Top bankers on Wednesday said growth was expected to show an uptick in the next two quarters and the RBI’s monetary policy review has provided more clarity on the liquidity framework.
SBI chairman Rajnish Kumar said the RBI decision to maintain status quo was in consonance with market expectations. “The policy assessment is fairly balanced and pragmatic with inflation and growth both expected to show an uptick in next two quarters,” Kumar said.
Chanda Kochhar, MD and CEO, ICICI Bank, said the RBI has displayed prudence in highlighting adverse risks to the inflation trajectory. “It has also taken cognizance of further improvement in growth prospects on account of various structural reforms implemented by the Government including bank recapitalisation. It is heartening to note that the RBI has also communicated greater clarity on the liquidity framework indicating that it is ready to deploy both short term and durable tools to absorb or inject liquidity as the need arises,” she said. The RBI has retained the growth forecast at 6.7 per cent for 2017-18 even through the gross value added (GVA) in the second quarter rose to 6.3 per cent.
Dinabandhu Mohapatra, MD & CEO, Bank of India, said, “for the banking sector as a whole, credit growth is slightly higher than deposit growth, signaling an end to easy liquidity conditions. Taking a cue, some banks increased the rates on wholesale deposits. Both domestic and global growth is on a rising trend. However, higher growth overseas also carries the risks of upward movements in commodity prices, not really good news for a major oil importer like India.”
According to him, the MPC would have probably kept this aspect in mind as well. Moreover, interest rate policy should also ensure that yield generating opportunities available to overseas funds are not wiped out significantly or else there is a risk of fund outflows and a steep rupee depreciation.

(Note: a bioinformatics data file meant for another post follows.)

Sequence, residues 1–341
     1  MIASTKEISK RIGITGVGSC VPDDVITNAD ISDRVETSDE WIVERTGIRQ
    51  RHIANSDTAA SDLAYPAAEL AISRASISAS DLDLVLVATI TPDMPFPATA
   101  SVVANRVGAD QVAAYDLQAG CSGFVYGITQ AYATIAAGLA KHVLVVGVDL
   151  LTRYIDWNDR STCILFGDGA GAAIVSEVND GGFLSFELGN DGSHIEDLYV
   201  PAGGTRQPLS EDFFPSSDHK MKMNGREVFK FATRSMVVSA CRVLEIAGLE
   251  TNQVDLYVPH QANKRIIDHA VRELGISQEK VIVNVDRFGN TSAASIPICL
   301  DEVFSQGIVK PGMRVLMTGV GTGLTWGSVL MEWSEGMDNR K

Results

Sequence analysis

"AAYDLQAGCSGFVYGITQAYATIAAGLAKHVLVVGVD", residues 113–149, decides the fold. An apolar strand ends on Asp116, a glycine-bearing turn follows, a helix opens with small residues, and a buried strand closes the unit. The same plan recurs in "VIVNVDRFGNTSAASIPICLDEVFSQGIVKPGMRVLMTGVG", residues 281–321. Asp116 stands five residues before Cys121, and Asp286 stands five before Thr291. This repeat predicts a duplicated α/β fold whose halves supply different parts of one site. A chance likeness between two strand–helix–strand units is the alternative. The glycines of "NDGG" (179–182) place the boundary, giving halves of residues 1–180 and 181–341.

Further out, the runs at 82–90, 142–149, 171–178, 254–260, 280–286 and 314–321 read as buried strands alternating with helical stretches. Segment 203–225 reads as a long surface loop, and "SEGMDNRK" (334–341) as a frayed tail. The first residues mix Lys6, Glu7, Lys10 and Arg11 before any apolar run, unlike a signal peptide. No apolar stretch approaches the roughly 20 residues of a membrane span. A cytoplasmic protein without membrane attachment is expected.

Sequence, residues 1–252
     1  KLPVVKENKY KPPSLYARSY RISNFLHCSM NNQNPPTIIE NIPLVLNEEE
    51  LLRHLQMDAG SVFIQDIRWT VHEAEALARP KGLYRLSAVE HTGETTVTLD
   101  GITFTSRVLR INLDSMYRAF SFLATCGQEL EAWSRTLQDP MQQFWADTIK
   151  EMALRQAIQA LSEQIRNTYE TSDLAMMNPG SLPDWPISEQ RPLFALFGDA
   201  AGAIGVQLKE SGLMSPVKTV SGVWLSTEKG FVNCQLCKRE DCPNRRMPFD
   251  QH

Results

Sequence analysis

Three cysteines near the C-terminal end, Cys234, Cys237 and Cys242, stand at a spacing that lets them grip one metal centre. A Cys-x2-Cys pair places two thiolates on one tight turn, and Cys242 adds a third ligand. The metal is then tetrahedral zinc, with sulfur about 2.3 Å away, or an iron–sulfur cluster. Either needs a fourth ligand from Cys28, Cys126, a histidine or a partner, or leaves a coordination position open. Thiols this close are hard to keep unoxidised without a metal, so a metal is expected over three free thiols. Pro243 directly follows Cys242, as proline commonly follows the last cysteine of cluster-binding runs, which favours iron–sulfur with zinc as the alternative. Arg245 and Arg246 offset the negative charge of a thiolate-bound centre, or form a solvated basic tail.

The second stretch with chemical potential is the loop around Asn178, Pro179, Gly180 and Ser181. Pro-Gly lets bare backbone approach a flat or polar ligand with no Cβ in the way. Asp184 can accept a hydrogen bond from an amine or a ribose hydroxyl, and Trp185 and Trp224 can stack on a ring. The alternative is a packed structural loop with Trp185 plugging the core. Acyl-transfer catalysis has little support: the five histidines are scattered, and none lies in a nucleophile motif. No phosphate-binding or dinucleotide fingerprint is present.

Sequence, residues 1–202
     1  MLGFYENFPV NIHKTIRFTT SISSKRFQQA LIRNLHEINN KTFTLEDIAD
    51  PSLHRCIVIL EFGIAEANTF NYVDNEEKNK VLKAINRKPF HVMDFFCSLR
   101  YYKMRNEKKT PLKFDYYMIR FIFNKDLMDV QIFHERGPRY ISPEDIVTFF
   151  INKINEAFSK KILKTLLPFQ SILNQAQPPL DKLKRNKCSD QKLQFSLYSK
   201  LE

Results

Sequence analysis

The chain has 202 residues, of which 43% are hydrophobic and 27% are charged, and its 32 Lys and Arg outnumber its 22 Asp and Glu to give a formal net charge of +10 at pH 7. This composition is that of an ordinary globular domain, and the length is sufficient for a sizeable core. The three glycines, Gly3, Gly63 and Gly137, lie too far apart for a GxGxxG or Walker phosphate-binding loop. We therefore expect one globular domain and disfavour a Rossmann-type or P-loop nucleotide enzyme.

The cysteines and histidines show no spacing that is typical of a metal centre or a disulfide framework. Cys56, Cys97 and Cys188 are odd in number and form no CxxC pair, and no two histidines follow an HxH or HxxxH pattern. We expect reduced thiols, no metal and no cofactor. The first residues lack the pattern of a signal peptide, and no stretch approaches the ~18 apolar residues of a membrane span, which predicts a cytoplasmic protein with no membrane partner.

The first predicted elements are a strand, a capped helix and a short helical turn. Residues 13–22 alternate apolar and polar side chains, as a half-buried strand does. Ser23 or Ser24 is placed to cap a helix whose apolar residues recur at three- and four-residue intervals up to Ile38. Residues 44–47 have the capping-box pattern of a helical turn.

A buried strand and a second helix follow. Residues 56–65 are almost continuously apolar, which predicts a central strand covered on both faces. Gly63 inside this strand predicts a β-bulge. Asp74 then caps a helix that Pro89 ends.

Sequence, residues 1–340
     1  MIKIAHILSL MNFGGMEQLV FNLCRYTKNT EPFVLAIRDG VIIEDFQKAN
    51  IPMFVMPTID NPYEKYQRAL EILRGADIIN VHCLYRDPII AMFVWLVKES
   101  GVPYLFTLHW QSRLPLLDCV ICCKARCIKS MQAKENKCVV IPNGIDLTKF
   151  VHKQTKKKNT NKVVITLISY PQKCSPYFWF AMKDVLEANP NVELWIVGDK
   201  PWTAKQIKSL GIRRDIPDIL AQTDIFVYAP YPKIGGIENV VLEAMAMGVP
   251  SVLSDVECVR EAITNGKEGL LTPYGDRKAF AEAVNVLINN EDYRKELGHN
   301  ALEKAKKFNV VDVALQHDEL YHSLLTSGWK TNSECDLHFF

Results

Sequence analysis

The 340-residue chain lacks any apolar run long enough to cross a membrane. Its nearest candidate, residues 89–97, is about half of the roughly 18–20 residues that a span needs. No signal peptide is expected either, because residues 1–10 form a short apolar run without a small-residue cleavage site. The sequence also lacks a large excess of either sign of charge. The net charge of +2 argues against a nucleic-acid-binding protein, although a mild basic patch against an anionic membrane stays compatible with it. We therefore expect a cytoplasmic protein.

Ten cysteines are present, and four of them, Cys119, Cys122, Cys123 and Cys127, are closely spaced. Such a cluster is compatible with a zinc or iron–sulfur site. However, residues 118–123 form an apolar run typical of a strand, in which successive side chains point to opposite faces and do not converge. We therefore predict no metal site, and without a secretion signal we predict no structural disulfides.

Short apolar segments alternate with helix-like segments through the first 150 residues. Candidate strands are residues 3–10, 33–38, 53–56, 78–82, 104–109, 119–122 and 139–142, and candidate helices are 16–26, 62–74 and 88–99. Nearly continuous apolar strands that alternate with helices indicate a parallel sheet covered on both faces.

“The $ 31 billion forward position built up by RBI may be seen as a cushion against such an eventuality. Growth estimates, however, has been kept unchanged. India is now at a juncture where on the real sector, Government is undertaking reform measures while the MPC ensures monetary stability through its rate setting policies,” Mohapatra said.
Bankers welcomed the RBI decision to permit the overseas branches and subsidiaries of Indian banks to refinance external commercial borrowings (ECBs) of ‘AAA’ rated corporates as well as Navratna and Maharatna public sector units by raising fresh ECBs, stating that the move will help banks to “retain quality good assets”. Currently Indian corporates are permitted to refinance their existing ECBs at a lower all-in-cost. The overseas branches and subsidiaries of Indian banks are not permitted to extend such refinance.
“The decision to allow overseas subsidiaries of domestic banks to refinance AAA-rated corporates will provide a fair and just opportunity to banks to book and retain good quality assets,” Kumar said.
Mohapatra said the proposal to rationalize MDR charges and permitting overseas subsidiaries and branches of Indian banks to refinance ECBs of AAA rated/ Navaratna companies are welcome developments.